Evaluating pre-harvest foliar calcium applications to increase fruit calcium and reduce bitter pit in 'Golden Delicious' apples

Evaluating pre-harvest foliar calcium applications to increase fruit calcium and reduce bitter pit in 'Golden Delicious' apples

Lotze, E. ; Joubert, J. ; Theron, K.I. ; Lotze, E. ; Joubert, J. ; Theron, K.I. (2008)

In all major apple producing countries, applications of foliar calcium (Ca) products to increase fruit Ca content and reduce the incidence of bitter pit in apples are used. Calcium nitrate (Ca(NO3)2), Calcimax and Ca acetate were applied, commencing at three different developmental stages (early, mid and late) of fruit growth. Late Ca(NO3)2 (80 days after full bloom (dafb)) applications increased the Ca content of fruit at harvest more than early (six dafb) and mid (40 dafb) applications. There was a trend towards an increase in bitter pit from early to late applications of Ca(NO3)2 and Calcimax, confirming previous results obtained when applying only Ca(NO3)2. In spite of the very low incidences of bitter pit during these seasons (less than 7%), significant differences between treatments were found between Ca(NO3)2 Mid and other treatments in 2004/2005, as well as Ca(NO3)2 and Calcimax Early and other treatments in 2005/2006. Ca acetate applications did not show any trends in fruit Ca content or bitter pit incidence when applied during the three stages. Thus, products may differ in efficiency of Ca absorption and effectiveness in decreasing bitter pit in fruit when applied during different developmental stages. © 2008 Elsevier B.V. All rights reserved.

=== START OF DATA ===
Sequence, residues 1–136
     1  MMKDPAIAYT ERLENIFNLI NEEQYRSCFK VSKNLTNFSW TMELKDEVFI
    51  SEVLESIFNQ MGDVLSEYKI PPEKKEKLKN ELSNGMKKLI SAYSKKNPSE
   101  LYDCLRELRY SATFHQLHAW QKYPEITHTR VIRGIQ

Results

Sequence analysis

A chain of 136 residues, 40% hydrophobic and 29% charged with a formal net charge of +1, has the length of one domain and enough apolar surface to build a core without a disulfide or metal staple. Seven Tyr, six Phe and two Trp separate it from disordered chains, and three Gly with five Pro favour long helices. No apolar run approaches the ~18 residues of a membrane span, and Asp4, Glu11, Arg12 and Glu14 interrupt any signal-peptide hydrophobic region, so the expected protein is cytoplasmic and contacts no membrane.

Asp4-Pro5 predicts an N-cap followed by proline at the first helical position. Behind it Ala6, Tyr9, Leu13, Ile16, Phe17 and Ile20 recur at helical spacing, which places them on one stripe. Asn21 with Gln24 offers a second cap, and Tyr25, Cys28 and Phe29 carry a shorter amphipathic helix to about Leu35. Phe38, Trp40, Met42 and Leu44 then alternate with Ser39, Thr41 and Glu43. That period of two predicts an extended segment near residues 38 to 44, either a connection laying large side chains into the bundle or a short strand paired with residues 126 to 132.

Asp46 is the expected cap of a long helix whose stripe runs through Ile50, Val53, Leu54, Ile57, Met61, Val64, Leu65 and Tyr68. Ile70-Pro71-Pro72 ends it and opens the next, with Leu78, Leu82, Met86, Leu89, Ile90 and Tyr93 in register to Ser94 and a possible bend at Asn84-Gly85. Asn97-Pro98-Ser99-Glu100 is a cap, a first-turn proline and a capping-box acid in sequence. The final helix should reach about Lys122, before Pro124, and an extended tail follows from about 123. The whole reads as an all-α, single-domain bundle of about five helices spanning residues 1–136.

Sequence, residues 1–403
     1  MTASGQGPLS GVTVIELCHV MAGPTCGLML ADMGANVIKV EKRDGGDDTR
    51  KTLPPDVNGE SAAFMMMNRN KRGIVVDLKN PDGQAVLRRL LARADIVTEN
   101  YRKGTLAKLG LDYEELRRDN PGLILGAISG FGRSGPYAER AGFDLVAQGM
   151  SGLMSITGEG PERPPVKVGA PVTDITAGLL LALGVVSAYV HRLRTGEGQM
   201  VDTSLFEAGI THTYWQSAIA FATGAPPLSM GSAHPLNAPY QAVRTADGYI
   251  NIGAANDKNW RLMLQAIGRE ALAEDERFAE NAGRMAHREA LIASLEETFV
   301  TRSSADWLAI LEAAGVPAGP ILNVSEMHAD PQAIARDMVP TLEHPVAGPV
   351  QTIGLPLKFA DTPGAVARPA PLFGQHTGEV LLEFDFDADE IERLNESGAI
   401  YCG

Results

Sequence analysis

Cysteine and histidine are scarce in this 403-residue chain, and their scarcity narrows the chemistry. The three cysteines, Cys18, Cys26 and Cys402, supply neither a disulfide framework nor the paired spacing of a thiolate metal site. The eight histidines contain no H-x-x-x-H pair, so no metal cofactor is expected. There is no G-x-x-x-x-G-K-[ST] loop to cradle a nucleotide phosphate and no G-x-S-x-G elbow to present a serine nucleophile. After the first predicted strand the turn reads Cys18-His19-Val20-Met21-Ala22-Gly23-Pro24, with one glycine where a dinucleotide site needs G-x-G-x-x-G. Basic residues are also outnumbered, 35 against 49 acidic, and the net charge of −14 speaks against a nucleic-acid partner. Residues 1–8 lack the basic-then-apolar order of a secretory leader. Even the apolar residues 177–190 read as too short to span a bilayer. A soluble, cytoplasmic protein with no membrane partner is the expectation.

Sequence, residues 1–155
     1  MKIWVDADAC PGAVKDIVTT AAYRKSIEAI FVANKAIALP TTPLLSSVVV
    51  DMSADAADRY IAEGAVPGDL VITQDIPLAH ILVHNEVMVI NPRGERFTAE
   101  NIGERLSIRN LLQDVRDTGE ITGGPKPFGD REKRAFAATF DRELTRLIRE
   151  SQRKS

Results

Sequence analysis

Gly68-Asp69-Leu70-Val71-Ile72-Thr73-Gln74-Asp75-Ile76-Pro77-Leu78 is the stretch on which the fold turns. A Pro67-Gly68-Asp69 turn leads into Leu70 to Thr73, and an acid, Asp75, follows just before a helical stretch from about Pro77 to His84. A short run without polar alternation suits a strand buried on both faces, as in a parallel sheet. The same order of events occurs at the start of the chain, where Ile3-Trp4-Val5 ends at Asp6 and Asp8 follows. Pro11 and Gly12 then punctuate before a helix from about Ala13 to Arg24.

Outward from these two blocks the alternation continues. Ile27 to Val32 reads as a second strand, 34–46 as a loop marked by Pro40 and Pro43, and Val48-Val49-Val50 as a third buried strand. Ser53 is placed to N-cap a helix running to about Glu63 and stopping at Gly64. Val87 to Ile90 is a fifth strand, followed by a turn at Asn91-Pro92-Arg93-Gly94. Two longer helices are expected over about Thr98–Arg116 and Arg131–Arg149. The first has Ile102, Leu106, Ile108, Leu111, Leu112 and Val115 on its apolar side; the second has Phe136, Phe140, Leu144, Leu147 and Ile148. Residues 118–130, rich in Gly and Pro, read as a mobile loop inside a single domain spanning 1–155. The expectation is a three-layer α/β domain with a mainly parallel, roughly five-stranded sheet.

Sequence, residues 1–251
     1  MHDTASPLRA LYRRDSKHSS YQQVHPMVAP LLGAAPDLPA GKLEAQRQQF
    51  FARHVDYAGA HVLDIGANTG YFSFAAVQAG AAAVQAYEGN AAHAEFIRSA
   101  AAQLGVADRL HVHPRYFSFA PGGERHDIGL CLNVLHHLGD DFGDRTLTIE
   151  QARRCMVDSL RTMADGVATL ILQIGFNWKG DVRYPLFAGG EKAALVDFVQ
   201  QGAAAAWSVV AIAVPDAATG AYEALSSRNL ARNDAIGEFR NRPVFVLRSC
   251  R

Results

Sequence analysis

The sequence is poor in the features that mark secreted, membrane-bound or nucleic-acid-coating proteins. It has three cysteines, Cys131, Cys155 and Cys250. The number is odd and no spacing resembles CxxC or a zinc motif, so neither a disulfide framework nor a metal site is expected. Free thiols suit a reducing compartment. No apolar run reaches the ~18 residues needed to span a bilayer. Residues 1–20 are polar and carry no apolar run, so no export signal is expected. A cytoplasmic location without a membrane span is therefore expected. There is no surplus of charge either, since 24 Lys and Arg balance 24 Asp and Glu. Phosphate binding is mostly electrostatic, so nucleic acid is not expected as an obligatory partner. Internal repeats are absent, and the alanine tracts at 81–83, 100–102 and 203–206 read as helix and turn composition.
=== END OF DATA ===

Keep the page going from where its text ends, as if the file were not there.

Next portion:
In all major apple producing countries, applications of foliar calcium (Ca) products to increase fruit Ca content and reduce the incidence of bitter pit in apples are used. Calcium nitrate (Ca(NO3)2), Calcimax and Ca acetate were applied, commencing at three different developmental stages (early, mid and late) of fruit growth. Late Ca(NO3)2 (80 days after full bloom (dafb)) applications increased the Ca content of fruit at harvest more than early (six dafb) and mid (40 dafb) applications. There was a trend towards an increase in bitter pit from early to late applications of Ca(NO3)2 and Calcimax, confirming previous results obtained when applying only Ca(NO3)2. In spite of the very low incidences of bitter pit during these seasons (less than 7%), significant differences between treatments were found between Ca(NO3)2 Mid and other treatments in 2004/2005, as well as Ca(NO3)2 and Calcimax Early and other treatments in 2005/2006. Ca acetate applications did not show any trends in fruit Ca content or bitter pit incidence when applied during the three stages. Thus, products may differ in efficiency of Ca absorption and effectiveness in decreasing bitter pit in fruit when applied during different developmental stages. © 2008 Elsevier B.V. All rights reserved.

In all major apple producing countries, applications of foliar calcium (Ca) products to increase fruit Ca content and reduce the incidence of bitter pit in apples are used. Calcium nitrate (Ca(NO3)2), Calcimax and Ca acetate were applied, commencing at three different developmental stages (early, mid and late) of fruit growth. Late Ca(NO3)2 (80 days after full bloom (dafb)) applications increased the Ca content of fruit at harvest more than early (six dafb) and mid (40 dafb) applications. There was a trend towards an increase in bitter pit from early to late applications of Ca(NO3)2 and Calcimax, confirming previous results obtained when applying only Ca(NO3)2. In spite of the very low incidences of bitter pit during these seasons (less than 7%), significant differences between treatments were found between Ca(NO3)2 Mid and other treatments in 2004/2005, as well as Ca(NO3)2 and Calcimax Early and other treatments in 2005/2006. Ca acetate applications did not show any trends in fruit Ca content or bitter pit incidence when applied during the three stages. Thus, products may differ in efficiency of Ca absorption and effectiveness in decreasing bitter pit in fruit when applied during different developmental stages. © 2008 Elsevier B.V. All rights reserved.

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